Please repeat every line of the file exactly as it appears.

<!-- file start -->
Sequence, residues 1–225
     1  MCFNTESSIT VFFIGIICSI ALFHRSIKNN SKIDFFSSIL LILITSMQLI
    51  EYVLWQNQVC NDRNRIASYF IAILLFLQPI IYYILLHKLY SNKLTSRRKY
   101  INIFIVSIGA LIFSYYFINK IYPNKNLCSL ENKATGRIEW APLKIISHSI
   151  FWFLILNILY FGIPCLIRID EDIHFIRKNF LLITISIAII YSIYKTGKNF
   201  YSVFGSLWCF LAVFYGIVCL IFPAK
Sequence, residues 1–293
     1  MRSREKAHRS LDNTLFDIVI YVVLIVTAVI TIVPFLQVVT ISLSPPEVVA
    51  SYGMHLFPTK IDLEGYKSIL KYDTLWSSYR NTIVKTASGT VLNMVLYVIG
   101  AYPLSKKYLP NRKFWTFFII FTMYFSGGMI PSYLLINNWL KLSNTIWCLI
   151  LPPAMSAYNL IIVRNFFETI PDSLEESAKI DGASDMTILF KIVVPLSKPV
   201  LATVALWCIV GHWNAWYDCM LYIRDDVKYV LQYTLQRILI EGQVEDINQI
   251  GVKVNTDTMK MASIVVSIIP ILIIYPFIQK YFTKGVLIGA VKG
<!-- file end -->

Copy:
Sequence, residues 1–225
     1  MCFNTESSIT VFFIGIICSI ALFHRSIKNN SKIDFFSSIL LILITSMQLI
    51  EYVLWQNQVC NDRNRIASYF IAILLFLQPI IYYILLHKLY SNKLTSRRKY
   101  INIFIVSIGA LIFSYYFINK IYPNKNLCSL ENKATGRIEW APLKIISHSI
   151  FWFLILNILY FGIPCLIRID EDIHFIRKNF LLITISIAII YSIYKTGKNF
   201  YSVFGSLWCF LAVFYGIVCL IFPAK
Sequence, residues 1–293
     1  MRSREKAHRS LDNTLFDIVI YVVLIVTAVI TIVPFLQVVT ISLSPPEVVA
    51  SYGMHLFPTK IDLEGYKSIL KYDTLWSSYR NTIVKTASGT VLNMVLYVIG
   101  AYPLSKKYLP NRKFWTFFII FTMYFSGGMI PSYLLINNWL KLSNTIWCLI
   151  LPPAMSAYNL IIVRNFFETI PDSLEESAKI DGASDMTILF KIVVPLSKPV
   201  LATVALWCIV GHWNAWYDCM LYIRDDVKYV LQYTLQRILI EGQVEDINQI
   251  GVKVNTDTMK MASIVVSIIP ILIIYPFIQK YFTKGVLIGA VKG